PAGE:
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ALL ABOUT CHAMPAGNE

Champagne launches pretty much any event, toast, and gatherings with a bang! Enjoying a great morning with friends? Make mimosas. Gathering all your loved ones together to celebrate that graduation, certification, or holiday? Make a punch and spike it with vodka and Champagne for a fruity, refreshing, bubbly libation that keeps people coming back for more. Champagne's subtle flavors mix seamlessly into many different drinks. Check out LiquorSplit’s Champagnes to find one that makes your next event the one that people talk about!

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History

Champagne is a sparkling wine that is known for its elegance and sophistication, but its origins are humble and rooted in the region of Champagne, France. In the early days, the Champagne region was known for its still wines, which were highly prized by the French aristocracy. However, the wine was often difficult to transport because of the risk of spoilage during the long journey to Paris. To solve this problem, winemakers in Champagne began to experiment with creating a sparkling wine by adding sugar and yeast to the still wine, which produced a second fermentation and created bubbles in the bottle. By the 18th century, Champagne had become a favorite of royalty and high society, and the demand for the wine continued to grow. However, the production of Champagne was not without its challenges, including issues with inconsistent quality and exploding bottles. Over time, advances in technology and production methods helped to refine the process of making Champagne, and the wine became a symbol of luxury and celebration around the world. Today, Champagne is still made using traditional methods and is considered one of the finest and most exclusive wines in the world.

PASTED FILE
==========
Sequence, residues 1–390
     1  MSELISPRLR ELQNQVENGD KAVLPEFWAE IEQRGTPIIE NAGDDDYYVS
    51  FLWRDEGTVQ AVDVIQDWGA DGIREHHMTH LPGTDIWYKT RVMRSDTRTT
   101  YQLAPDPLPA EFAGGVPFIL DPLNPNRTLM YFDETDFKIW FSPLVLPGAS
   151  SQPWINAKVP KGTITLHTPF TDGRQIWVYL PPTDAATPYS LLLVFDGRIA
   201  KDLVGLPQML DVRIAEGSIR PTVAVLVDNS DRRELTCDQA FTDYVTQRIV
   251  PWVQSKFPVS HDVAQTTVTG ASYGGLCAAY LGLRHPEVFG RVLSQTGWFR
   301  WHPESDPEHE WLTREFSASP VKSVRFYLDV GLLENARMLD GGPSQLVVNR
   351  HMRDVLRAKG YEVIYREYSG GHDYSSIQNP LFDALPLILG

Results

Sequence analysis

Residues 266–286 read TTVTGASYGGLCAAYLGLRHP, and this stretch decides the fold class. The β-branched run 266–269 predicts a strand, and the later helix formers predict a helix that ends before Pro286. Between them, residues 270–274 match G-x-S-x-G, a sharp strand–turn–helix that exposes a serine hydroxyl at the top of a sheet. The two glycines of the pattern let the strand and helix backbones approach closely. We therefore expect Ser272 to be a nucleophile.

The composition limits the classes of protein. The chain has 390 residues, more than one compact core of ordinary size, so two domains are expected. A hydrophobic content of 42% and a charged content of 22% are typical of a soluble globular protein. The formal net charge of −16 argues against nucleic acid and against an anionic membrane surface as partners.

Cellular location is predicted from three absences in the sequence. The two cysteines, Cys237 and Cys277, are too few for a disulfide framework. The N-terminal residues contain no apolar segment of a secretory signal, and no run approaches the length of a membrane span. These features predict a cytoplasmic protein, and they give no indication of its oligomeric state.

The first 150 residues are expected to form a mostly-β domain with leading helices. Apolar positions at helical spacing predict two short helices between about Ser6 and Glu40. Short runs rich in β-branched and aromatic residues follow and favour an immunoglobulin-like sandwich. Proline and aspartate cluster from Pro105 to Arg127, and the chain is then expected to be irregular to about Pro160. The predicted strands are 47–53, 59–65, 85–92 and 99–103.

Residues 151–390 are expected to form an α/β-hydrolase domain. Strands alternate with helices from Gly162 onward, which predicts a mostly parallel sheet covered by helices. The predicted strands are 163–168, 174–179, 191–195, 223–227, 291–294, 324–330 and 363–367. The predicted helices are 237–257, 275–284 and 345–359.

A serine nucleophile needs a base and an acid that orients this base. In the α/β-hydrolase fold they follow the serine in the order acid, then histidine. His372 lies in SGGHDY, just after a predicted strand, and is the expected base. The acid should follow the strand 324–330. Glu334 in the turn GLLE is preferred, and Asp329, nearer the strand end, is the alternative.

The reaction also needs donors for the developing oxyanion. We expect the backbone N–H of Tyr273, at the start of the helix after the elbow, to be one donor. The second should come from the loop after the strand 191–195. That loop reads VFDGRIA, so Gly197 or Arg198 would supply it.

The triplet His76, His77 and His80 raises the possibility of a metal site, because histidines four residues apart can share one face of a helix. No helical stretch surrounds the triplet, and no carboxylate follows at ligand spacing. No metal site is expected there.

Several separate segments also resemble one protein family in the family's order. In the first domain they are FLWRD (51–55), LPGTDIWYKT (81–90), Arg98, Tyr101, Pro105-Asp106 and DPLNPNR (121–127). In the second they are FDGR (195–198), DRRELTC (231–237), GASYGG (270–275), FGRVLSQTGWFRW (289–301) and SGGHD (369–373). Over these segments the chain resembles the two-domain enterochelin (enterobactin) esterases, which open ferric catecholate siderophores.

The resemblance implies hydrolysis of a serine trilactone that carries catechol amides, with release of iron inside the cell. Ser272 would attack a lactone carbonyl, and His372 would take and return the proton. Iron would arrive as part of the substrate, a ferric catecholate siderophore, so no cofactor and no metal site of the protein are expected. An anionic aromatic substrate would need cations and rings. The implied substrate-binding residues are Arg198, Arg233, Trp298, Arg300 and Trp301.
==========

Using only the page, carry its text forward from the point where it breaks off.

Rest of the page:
How Champagne is Made